Why he is so important: He is a lethal finisher, blisteringly quick, blessed with superb balance, possesses a strong leg drive and footwork that flummoxes defenders and has a predator’s instincts. He’s also got decent football skills and even in the tightest confines has the ability to bamboozle multiple defenders. He’s not as clever going in the opposite direction and can be a little impulsive at times in defence.
The priority for Munster will be to cut off the supply of ball rather than try and chaperone him when he gets his hands on it. As he demonstrated against Ireland in the recent Six Nations Championship, if a team switches off for a nanosecond, it’s all he requires to reach the try-line.
Trivia: He first played against Ireland at U-18 level in 2011, scoring a try but finishing up on the losing side as the Irish schoolboys won 19-17 with a try from Dan Leavy and 14 points from the boot of Luke McGrath. He has twice been dropped by France for off-pitch misdemeanours, the first time when he was two hours late for a training session and the second for “inappropriate behaviour” along with several team-mates on the night of a defeat to Scotland in the recent Six Nations.
Centres of excellence
Garry Ringrose (Leinster)
Height: 1.85m (6’1”)
Weight: 94kg (14st 11lbs)
Caps: 13 (5 tries, one conversion)
Why he is so important: In a sport where the priority in attack is to create and exploit space, he possesses the talent to do so, both for himself and his team-mates. Even when he doesn’t escape the clutches of the defence, he invariably manages to work his way through or past the first point of contact primarily as a result of his excellent footwork, appreciation of angles and an ability to find soft shoulders.
He plays with an intelligence that is striking and his decision-making is generally on point and selfless in recognising when others are better placed. He will be a key player for Leinster from an attacking perspective while also acknowledging how important his partnership will be with Robbie Henshaw in shutting down the two Scarlets centres, Hadleigh Parkes and Scott Williams who have racked up more metres in attack than any of their team-mates.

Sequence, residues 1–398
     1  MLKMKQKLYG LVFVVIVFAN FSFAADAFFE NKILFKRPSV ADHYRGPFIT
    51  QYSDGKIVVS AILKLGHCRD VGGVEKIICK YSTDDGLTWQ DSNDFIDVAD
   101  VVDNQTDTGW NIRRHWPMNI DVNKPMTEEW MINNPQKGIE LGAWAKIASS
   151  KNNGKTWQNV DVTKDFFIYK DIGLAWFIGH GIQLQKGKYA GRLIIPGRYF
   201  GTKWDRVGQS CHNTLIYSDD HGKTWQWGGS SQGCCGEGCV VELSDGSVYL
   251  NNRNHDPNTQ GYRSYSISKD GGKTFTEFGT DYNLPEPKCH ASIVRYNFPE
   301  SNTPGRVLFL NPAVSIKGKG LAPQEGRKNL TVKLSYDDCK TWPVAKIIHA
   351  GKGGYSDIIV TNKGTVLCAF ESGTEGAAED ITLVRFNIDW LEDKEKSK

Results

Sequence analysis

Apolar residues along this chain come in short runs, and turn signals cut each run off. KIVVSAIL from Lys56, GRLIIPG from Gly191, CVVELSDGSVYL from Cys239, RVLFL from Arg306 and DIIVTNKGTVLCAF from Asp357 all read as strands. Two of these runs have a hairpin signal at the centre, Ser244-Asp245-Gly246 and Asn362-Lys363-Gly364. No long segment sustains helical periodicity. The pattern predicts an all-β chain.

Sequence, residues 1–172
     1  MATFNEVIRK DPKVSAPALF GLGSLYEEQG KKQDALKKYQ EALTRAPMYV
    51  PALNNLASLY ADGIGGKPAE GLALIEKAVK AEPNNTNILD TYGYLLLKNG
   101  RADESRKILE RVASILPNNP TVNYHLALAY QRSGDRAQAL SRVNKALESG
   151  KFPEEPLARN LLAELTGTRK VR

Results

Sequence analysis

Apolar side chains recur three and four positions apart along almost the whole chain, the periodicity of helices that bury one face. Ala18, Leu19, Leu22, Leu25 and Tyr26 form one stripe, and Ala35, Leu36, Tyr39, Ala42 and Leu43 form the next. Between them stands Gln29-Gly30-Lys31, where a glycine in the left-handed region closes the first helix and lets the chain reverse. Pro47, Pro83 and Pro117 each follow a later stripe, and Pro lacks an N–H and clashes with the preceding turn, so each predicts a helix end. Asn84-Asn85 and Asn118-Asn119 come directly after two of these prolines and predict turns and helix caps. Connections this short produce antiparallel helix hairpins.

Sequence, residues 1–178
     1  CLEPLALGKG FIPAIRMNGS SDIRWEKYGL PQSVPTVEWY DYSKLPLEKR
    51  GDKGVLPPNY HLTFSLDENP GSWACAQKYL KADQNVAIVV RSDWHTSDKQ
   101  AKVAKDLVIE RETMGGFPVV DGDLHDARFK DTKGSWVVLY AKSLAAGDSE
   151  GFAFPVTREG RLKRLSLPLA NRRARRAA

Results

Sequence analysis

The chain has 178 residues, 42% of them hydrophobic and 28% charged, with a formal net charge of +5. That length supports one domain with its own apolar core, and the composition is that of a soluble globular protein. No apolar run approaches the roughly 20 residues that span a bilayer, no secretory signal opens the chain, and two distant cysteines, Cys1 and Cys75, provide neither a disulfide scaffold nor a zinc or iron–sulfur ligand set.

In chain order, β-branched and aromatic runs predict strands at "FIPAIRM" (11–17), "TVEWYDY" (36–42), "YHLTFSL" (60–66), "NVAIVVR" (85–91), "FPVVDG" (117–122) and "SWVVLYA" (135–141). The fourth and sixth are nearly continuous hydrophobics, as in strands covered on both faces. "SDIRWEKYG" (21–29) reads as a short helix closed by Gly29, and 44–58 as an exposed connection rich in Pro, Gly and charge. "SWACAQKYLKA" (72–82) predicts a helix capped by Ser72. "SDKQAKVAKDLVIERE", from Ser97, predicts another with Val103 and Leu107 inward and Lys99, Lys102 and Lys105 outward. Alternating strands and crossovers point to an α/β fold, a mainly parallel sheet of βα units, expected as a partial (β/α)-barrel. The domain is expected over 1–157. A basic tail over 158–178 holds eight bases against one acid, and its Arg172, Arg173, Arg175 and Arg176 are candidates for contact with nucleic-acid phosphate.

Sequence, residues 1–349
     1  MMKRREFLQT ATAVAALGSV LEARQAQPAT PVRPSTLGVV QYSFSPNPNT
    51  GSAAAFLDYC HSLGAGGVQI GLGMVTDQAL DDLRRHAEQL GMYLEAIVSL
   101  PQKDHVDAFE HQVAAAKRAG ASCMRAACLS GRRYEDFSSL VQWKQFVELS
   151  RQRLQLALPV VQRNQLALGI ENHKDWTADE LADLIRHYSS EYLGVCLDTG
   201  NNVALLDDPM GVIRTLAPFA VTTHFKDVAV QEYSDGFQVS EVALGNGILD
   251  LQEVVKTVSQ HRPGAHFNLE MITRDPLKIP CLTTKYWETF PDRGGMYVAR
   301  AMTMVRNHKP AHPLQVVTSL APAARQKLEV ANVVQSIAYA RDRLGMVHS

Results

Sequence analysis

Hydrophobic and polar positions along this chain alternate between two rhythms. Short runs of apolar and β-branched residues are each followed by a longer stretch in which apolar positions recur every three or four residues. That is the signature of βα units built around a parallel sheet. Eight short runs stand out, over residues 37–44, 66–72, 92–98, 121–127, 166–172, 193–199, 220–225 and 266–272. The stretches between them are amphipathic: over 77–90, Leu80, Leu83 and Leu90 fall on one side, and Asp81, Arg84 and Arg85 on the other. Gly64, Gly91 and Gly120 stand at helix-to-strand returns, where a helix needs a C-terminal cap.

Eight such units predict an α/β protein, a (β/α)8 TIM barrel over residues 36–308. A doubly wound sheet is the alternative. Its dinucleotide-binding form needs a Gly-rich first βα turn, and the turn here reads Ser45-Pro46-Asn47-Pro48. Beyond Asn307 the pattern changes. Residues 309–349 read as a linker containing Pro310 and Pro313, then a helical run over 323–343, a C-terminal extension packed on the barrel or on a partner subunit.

Trivia: He is the grand nephew of Colonel Billy Ringrose, an Irish showjumping icon of the 1950s and 1960s. Ringrose won six individual international show jumping Grand Prix and seven Nations Cup team events, including being part of the first mixed Army-civilian Irish team to win the Aga Khan Cup in 1963, along with Diana Conolly-Carew, Seamus Hayes and Tommy Wade.
Scott Williams (Scarlets)
Height: 1.83m (6’)
Weight: 97kg (15st 4lbs)
Caps: 55 (12 tries)
Why he is so important: He is a big-game player with the temperament to match his obvious ability, something that is reinforced in his try-scoring statistics for Wales as he’s dotted down against New Zealand, Australia, South Africa, Ireland and perhaps most famously of all against England at Twickenham in 2012 during a Grand Slam campaign. He would have even more caps but for the presence of Lions Jamie Roberts and Jonathan Davies in the national set-up.
He’s formed a brilliant partnership at club and country with Hadleigh Parkes and the Scarlets midfield has been central to their attacking patterns in both racking up the metres and also creating space in the wider channels.
Trivia: Players take motivation from wherever they find it and this week Williams had the bookmakers firmly in his sights ahead of Saturday’s game. He explained: “Yes, it has annoyed us. It was the same last year when nobody expected us to win, but we knew we could do it. The bookies have ruled us out completely. We can’t gamble ourselves as players, but I think we are 5/1 to beat Leinster and 9/1 to win the whole competition. If I had £20 spare I’d definitely put it on us beating Leinster and winning the whole thing.”